Jan. 08 – Jan. 12, 2024
The 2024 Kansas legislative session began on January 8, and we were honored to be at the capitol throughout the week to greet new members and welcome back returning legislators on your behalf. This year marks the second year of our legislative biennium, meaning all bills introduced in 2023 will still be alive and actionable, in addition to any new bills introduced this year.
Jan. 15 – Jan. 19, 2024
This week, while many new bills were being introduced, the Kansas legislature’s main focus was on assembling a tax bill to send to Governor Laura Kelly. On Thursday, lawmakers passed Conference Committee Report on House Bill 2284which includes a single (5.25 percent) income tax rate on individuals, an increase to the standard deduction, residential property tax relief and a 0 percent sales tax rate on food beginning in April of this year.
Jan. 22 – Jan. 26, 2024
This week, the Kansas legislature sent its tax bill, House Bill 2284, to Governor Laura Kelly for consideration, who on Friday afternoon, vetoed the legislation. The bill proposed a single income tax rate at 5.25 percent (rather than the current two rates), along with exemptions on the first $6,150.00 in income for individuals and $12,300.00 for couples. Additionally, it would have increased the standard deduction, provided residential property tax relief, and created a 0 percent sales tax rate on food beginning in April. The bill would have cost the state $1.6 billion in lost revenues over the first three years.
Jan. 29 – Feb. 02, 2024
Following Governor Laura Kelly’s swift veto of the Republican tax bill, House Bill 2284, legislative leadership worked this week to whip together sufficient votes for an override effort which will require a 2/3 supermajority vote in both the House and the Senate. The bill includes many provisions, but the key element distinguishing the bill from Governor Kelly’s tax plan is the inclusion of a single rate income tax at 5.25 percent (currently two rates exist). This provision was the cause of the governor’s veto. The bill would cost the state $1.6 billion in lost revenues over the first three years. An override vote is likely to be taken up by the House on Tuesday, February 6.
Feb. 05 – Feb. 09, 2024
The Republican-majority legislature failed, this week, to take up an override vote on Governor Kelly’s veto of the tax bill, House Bill 2284. That vote is expected to come early next week. Whether, or in what form, tax relief is passed this year is still an unanswered question. This week, committees continued hearings on unemployment insurance legislation, workers compensation max benefits, various tax bills, and other issues. One issue gaining momentum in Kansas, and other states, is the issue of limiting foreign investment in real property in the state. A handful of bills have been introduced that could potentially affect a wide swath of Kansas industry and commerce.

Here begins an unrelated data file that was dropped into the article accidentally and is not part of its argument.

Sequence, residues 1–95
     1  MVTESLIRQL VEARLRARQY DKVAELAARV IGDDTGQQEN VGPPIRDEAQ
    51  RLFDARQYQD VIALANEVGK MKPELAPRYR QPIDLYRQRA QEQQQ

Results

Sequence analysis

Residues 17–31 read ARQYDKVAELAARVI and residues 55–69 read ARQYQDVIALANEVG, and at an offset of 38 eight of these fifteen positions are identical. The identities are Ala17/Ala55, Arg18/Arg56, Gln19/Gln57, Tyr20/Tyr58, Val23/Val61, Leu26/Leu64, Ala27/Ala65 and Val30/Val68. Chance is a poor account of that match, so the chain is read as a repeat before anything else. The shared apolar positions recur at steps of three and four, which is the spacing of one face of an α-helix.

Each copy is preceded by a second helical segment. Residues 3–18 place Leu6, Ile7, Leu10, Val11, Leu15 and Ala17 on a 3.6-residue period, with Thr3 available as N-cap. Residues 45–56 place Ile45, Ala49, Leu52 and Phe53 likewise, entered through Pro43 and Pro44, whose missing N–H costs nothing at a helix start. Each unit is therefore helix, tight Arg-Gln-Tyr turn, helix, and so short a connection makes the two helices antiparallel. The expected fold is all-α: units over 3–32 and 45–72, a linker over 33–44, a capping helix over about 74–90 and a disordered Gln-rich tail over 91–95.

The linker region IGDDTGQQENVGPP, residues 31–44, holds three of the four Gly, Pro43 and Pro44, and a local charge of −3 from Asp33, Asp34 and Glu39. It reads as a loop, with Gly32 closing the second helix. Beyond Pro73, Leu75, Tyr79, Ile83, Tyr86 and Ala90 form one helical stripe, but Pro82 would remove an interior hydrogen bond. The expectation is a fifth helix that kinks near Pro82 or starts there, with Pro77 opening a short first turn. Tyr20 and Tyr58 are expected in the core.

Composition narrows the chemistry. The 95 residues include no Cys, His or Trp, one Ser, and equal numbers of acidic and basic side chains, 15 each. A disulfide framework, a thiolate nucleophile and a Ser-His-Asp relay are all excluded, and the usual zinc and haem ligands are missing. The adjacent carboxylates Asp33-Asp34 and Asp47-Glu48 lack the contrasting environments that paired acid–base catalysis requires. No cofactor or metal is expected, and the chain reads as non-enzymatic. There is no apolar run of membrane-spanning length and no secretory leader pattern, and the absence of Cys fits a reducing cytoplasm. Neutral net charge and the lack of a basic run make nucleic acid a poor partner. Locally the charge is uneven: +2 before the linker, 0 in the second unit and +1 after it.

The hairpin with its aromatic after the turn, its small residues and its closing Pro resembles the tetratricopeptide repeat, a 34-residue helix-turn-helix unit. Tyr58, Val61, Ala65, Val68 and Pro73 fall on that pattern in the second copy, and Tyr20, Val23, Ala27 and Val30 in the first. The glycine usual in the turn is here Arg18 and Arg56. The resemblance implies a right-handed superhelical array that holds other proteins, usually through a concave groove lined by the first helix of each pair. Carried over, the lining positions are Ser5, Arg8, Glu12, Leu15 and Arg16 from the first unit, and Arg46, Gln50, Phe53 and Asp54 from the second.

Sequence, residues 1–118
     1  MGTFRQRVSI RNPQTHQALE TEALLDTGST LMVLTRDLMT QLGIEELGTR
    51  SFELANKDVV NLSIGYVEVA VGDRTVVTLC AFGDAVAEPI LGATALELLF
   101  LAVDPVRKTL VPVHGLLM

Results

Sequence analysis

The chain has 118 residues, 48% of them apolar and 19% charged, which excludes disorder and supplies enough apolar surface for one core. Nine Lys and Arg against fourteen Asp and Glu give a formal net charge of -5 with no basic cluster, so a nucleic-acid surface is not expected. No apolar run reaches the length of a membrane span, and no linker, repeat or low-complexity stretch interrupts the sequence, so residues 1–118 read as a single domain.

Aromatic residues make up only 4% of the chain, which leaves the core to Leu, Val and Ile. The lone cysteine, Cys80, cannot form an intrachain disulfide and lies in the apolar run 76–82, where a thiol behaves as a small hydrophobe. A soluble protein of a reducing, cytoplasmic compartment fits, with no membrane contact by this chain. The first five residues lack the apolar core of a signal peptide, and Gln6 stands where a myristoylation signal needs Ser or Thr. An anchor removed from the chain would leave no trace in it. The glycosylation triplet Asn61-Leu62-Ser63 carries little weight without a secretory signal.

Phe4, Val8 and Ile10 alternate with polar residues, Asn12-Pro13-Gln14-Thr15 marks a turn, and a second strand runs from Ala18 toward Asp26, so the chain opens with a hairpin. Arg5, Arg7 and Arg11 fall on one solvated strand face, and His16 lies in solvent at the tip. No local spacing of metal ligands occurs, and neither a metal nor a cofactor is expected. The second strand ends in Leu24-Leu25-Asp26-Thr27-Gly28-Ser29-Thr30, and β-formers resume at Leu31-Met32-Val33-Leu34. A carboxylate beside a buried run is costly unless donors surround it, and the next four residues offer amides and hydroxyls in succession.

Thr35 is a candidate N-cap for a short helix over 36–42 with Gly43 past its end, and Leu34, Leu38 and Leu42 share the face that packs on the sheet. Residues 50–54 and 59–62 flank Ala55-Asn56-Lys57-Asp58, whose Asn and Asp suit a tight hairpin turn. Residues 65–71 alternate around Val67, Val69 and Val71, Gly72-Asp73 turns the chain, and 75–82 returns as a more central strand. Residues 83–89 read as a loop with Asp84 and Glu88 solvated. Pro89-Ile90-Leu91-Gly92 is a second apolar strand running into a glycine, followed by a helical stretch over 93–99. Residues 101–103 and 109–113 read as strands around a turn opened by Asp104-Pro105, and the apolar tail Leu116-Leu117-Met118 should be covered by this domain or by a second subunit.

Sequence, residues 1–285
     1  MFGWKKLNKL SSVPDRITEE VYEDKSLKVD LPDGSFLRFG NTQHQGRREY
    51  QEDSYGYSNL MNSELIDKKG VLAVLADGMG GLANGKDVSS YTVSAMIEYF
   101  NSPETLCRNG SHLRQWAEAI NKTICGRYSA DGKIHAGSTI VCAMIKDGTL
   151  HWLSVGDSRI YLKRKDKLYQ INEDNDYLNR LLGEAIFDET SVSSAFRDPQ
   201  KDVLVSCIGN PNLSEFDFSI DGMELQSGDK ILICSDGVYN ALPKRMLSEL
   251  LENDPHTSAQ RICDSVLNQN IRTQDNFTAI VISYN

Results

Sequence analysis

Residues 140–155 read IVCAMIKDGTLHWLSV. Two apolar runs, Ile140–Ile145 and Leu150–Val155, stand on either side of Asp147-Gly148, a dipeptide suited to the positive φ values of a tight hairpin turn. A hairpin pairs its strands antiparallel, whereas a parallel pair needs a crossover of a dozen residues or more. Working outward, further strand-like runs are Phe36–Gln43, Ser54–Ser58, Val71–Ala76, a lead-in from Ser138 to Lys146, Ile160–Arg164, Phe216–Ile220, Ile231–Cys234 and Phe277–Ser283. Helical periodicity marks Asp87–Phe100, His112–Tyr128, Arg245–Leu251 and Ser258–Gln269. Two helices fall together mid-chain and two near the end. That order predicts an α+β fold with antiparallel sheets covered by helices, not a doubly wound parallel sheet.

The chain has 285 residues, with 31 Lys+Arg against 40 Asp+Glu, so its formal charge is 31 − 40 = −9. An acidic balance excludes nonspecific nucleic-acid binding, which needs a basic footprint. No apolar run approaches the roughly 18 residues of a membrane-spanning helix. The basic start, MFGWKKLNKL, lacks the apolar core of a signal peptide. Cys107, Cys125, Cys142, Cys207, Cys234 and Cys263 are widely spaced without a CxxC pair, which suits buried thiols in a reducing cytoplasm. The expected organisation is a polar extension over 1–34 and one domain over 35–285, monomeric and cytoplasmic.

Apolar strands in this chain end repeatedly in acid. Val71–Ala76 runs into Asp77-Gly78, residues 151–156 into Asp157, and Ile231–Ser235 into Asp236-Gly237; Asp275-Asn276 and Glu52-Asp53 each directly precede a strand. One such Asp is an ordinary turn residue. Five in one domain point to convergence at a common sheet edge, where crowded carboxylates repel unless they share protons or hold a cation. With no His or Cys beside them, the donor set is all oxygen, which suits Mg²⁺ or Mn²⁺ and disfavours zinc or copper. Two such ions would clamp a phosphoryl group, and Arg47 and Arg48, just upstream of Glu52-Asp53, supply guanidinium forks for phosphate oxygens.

Feb. 12 – Feb. 16, 2024
The Legislature, again this week, failed to take up an override vote on Governor Laura Kelly’s veto of the tax bill House Bill 2284. That vote to override will need to come by the end of next week or the governor’s veto of the bill will be sustained. Committees this week approved and advanced bills before multiple days of floor debate begin next week as we near the legislative ‘turnaround’. In both chambers, various bills have now been introduced that would limit foreign investment in real property in the state. As the issue has broad support in the legislature, stakeholder groups continue to meet to discuss the measures.
Feb. 19 – Feb. 23, 2024
In a flurry of floor debate on Wednesday and Thursday of Turnaround week, the House and Senate voted on dozens of bills. In addition, the legislature finally attempted an override this week of Governor Laura Kelly’s veto of House Bill 2284, the legislature’s tax bill that includes a single-rate personal income tax. The House failed, by three votes, to override the veto. While the House can take another attempt at the override, through a motion to reconsider, the veto is likely to be sustained. Should this occur, the legislature will need to determine its next steps on assembling and passing tax relief this year. Legislators will want to be able to stump on having provided tax relief when campaigning for re-election this summer.